Expression of Aquaporin 1 and 5 in the Developing Mouse Inner Ear and Audiovestibular Assessment of an Aqp5 Null Mutant
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- Merves, M., Krane, C.M., Dou, H. et al. JARO (2003) 4: 264. doi:10.1007/s10162-002-3033-7
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To examine the potential roles of aquaporins 1 and 5 (AQP1 and AQP5, respectively) in inner ear development and function, we defined their spatial and temporal expression patterns in the developing mouse inner ear and examined the morphologic and physiologic effects of loss of Aqp5 function. Standard in situ hybridization (ISH) and immunohistochemical (IHC) assays were used for expression studies with routine morphologic, behavioral, and physiologic assessments of hearing and balance in Aqp5 null mutant mice. AQP1 was first detected at embryonic day 10.5 (E10.5) in the otocyst but eventually localized to specific nonsensory portions of the inner ear and connective tissue cells surrounding the membranous labyrinth. AQP5 displayed specific cochlear expression, first detectable at E15.5 in the nonsensory epithelium and later restricted to the lateral wall of the cochlear duct near the spiral prominence. AQP5 expression continued through postnatal periods with a change of expression domain to the stria vascularis between postnatal day 7 (P7) and P14. By in situ hybridization and immunohistochemical techniques, subtle differences between transcript and protein expression patterns were noted for both AQP1 and 5. Although AQP5 is dynamically expressed in the developing mouse inner ear, adult Aqp5 knockout mice show normal hearing when tested and normal inner ear structural development. These results suggest redundant or alternative mechanisms that likely regulate water homeostasis in the developing and mature inner ear.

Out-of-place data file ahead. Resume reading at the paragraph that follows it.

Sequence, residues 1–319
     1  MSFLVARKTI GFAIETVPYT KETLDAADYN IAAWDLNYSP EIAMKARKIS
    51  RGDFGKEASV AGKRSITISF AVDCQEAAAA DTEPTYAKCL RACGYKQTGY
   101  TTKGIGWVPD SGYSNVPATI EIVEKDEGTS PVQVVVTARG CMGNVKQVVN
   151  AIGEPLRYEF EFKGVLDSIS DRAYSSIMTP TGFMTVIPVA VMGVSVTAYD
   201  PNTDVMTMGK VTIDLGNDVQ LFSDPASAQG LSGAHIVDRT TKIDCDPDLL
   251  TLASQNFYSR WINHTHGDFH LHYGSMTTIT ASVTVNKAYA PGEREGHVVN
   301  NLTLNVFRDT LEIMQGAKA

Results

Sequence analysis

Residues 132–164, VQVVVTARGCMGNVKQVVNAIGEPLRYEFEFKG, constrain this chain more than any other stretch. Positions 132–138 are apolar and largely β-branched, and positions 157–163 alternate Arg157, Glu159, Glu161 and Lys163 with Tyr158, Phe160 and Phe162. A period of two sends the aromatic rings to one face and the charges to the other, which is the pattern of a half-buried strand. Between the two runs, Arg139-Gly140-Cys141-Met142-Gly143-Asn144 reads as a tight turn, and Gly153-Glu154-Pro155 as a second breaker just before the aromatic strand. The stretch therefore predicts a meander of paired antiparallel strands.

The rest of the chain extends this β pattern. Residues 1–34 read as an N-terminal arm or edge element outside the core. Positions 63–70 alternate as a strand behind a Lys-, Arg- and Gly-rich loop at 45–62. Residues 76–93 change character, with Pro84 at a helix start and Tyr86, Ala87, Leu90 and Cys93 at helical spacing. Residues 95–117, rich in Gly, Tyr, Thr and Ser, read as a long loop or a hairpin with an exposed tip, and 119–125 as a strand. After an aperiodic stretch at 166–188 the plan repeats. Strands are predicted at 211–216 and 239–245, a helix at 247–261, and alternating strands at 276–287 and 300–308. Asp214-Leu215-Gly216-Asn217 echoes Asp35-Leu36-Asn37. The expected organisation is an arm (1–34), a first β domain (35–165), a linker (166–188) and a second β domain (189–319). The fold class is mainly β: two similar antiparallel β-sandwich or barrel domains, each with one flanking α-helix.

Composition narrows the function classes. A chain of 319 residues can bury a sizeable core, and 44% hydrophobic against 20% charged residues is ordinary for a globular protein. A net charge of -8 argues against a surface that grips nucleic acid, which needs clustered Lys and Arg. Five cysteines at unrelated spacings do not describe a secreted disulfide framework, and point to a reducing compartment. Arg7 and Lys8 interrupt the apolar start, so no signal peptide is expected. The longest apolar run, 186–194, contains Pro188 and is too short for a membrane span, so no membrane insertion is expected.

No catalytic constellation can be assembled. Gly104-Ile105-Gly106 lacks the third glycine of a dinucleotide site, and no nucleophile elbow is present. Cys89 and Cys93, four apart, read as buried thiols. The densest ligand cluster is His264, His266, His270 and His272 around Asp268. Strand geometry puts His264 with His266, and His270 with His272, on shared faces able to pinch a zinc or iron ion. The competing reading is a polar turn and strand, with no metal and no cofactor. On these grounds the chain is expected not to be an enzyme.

Keywordsaquaporin inner ear development endolymph perilymph
Development of the inner ear is a complex process that ultimately generates an intricate three-dimensional labyrinth that transduces both auditory and vestibular stimuli by means of a hair cell transduction mechanism (Corey and Hudspeth 1979; Hudspeth 1985; Morsli et al. 1998). Critical to this hair cell-mediated process is a unique inner ear fluid environment with high potassium ion and low sodium ion concentrations and a net +80 mV potential relative to the surrounding compartments (Peake et al. 1969; Sadanaga and Morimitsu 1995). Data suggest that gated channels at the stereocilia of the cochlear and vestibular hair cells allow a flux of ions down this electrochemical gradient in response to sound or balance stimuli (Corey and Hudspeth 1979; Hudspeth 1985). Accordingly, mechanisms responsible for developing and maintaining this very specific fluid environment in the inner ear are essential to normal hearing and balance function.